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The Reserve Bank of NZ printing presses..

By Julie Halligan

Money and the RBNZ printing presses – who wins?

Tony Alexander shines a light on exactly why the printing presses at the RBNZ are hard at work and shows us who benefits.

In this short article ” I show that most of the money “printed” by the Reserve Bank ends up right back with them again on overnight deposit. It never circulates. But still, because the printing of money involves buying bonds from investors, some of those investors will look to purchase other assets and while they might mainly look at shares, some individuals will look at residential property. Thus, money printing by the Reserve Bank will be adding to upward pressure on house prices, but the direct effect is likely to be extremely limited. “
“Because the printing of money by New Zealand’s central bank is a completely new thing, there is probably not quite the understanding of the process here that there is in other countries. The process of printing money involves the Reserve Bank buying government bonds being sold by private sector investors such as managed funds and individuals. They pay with a credit in the investor’s bank account and that is the money which is printed.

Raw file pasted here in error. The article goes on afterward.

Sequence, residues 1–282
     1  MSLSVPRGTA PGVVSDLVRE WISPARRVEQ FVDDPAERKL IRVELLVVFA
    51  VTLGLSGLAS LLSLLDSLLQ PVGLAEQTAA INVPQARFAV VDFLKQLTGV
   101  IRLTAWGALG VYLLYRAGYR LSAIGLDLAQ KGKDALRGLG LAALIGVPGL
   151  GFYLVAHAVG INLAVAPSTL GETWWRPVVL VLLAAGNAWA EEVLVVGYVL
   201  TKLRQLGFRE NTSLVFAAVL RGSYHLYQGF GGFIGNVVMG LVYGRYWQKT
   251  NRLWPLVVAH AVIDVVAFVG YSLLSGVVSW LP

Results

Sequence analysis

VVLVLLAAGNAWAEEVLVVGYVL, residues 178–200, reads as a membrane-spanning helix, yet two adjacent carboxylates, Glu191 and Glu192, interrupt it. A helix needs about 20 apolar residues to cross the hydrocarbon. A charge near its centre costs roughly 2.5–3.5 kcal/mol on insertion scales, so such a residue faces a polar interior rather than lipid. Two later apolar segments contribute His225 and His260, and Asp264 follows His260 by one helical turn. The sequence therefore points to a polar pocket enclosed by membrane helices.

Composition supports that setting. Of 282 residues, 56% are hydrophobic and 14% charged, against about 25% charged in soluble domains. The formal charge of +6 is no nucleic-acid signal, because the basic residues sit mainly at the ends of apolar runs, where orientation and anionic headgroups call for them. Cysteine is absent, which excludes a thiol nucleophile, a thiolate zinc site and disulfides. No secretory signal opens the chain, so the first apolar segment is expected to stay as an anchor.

Why does the Reserve Bank do this? It is not to finance the government’s deficit. Treasury are already easily doing that by selling new bonds to investors eager for a safe asset. The RB bond buying is aimed almost exclusively at keeping medium to long-term interest rates lower than they would otherwise be.
In that regard their actions are a method of interest rate control just as changes in the official cash rate are. The official cash rate changes can easily cause changes in floating and short-term fixed rates. But the longer the term of the interest rate the less the influence by the Reserve Bank – hence the bond buying.
Will the money injected into investor bank accounts cause a surge in economic activity? Definitely not. The people and institutions selling the bonds to the Reserve Bank are investors simply swapping one asset for another. Had they wanted to raise money to spend on speed boats they could already have sold the bonds in the existing marketplace.
The cash injected into investors’ accounts will either be used to purchase other assets – such as shares and property – or it will remain in the bank accounts. In fact, whereas in February the “spare” cash which banks had on overnight deposit with the Reserve Bank was $16bn, it is now $43bn. Most of the printed money has gone right back out of the money system into a deposit with the Reserve Bank earning the banks 0.25%.”
Source; www.tonyalexander.nz
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